How to Use a Metronome to Help You Time Music

A metronome is a device that clicks in steady rhythm to help you practice your rhythm and time-keeping. Older versions were a vertical wooden case with a metal wand that swung back and forth. You had to wind them up to go. How quaint!

Nowadays, you can buy electric/electronic metronomes, or even metronome apps, that have lots of advanced features. Actually, you likely have a metronome already built into your keyboard. It may be labeled clearly, or it may simply be a click function that’s part of your onboard MIDI recorder.

For many musicians, a metronome is a way of checking what tempo or speed a piece of music is supposed to be played at. The beginning of the music is marked in some fashion. You set that number on the metronome, and then the device clicks away at that speed to give you a reference.

It’s recommend that, as a student, you use a metronome to provide you with a steady pulse to play against. The tempo can be very slow; you’re using it to help you practice steady counting.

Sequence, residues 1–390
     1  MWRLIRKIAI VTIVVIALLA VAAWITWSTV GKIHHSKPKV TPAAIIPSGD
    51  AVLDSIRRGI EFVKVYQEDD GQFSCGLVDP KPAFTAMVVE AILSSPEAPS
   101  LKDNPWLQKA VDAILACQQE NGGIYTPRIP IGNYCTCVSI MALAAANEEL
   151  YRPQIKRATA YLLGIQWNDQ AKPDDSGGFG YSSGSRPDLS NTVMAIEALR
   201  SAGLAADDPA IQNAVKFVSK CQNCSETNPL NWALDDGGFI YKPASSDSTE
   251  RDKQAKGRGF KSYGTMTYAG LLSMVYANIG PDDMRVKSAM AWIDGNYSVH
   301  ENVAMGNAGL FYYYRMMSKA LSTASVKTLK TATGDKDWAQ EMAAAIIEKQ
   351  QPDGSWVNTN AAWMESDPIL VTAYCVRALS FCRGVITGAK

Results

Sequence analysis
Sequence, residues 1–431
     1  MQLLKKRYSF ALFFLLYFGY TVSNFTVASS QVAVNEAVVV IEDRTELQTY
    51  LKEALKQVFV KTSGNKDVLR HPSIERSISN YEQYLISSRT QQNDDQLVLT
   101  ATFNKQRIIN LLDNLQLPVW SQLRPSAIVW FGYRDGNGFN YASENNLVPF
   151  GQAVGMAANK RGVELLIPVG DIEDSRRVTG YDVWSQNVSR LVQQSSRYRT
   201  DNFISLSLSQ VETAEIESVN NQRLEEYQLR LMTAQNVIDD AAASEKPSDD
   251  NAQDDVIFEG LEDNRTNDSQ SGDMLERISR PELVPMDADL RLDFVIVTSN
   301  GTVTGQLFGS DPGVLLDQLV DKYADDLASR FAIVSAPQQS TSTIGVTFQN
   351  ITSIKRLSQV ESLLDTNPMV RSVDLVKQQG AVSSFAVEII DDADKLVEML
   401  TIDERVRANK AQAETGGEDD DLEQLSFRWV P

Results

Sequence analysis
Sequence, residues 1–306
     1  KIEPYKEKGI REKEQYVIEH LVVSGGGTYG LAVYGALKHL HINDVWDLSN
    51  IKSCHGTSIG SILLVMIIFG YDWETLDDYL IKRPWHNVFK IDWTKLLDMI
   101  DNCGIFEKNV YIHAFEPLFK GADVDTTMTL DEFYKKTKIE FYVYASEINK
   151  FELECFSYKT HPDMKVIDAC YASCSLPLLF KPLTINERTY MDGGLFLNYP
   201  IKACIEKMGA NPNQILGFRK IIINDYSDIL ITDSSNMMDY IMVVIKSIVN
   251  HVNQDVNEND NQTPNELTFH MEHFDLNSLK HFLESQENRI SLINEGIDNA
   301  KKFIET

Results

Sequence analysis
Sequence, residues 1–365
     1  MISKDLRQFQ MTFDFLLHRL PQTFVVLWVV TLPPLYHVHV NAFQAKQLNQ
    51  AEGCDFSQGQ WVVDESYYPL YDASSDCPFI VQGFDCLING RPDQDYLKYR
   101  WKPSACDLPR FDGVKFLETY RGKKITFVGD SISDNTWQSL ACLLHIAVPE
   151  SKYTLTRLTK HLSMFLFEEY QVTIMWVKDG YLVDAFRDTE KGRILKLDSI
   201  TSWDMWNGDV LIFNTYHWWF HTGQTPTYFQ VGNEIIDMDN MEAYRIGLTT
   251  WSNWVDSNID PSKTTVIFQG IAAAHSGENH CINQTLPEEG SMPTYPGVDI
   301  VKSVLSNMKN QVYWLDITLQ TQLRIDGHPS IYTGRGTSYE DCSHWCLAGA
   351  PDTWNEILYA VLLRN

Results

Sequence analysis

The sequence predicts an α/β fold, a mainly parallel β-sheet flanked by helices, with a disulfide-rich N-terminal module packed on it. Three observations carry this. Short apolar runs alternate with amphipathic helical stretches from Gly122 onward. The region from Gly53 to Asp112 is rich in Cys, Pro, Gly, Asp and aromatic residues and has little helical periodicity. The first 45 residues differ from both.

Here’s a sample experiment for practicing with a metronome:

  1. Set a slow tempo on the metronome to represent the quarter note anddo a counting exercise.

  2. Stop the metronome and try counting for yourself.

    The idea is to develop a steady internal clock for keeping time so that you don’t use the metronome as a crutch.

  3. Set the metronome twice as fast and think of the click as the eighth note rather than the quarter.

    You’ll play the same, but it takes some getting used to not to be sped up by the extra clicks.

  4. Repeat Steps 1 through 3, moving the tempo to various settings and getting a feel for how they sound largely the same, only faster or slower.

As you get more confident with the preceding exercise, set the metronome to a slow tempo and let that represent the half note, so it only clicks twice per measure.

As it first clicks, say “1, 3, 1, 3 . . . ,” one word with each click. Then fill in between the clicks with the 2 and the 4 until you can comfortably count all four beats against the two clicks.

Listen to this metronome counting exercise.

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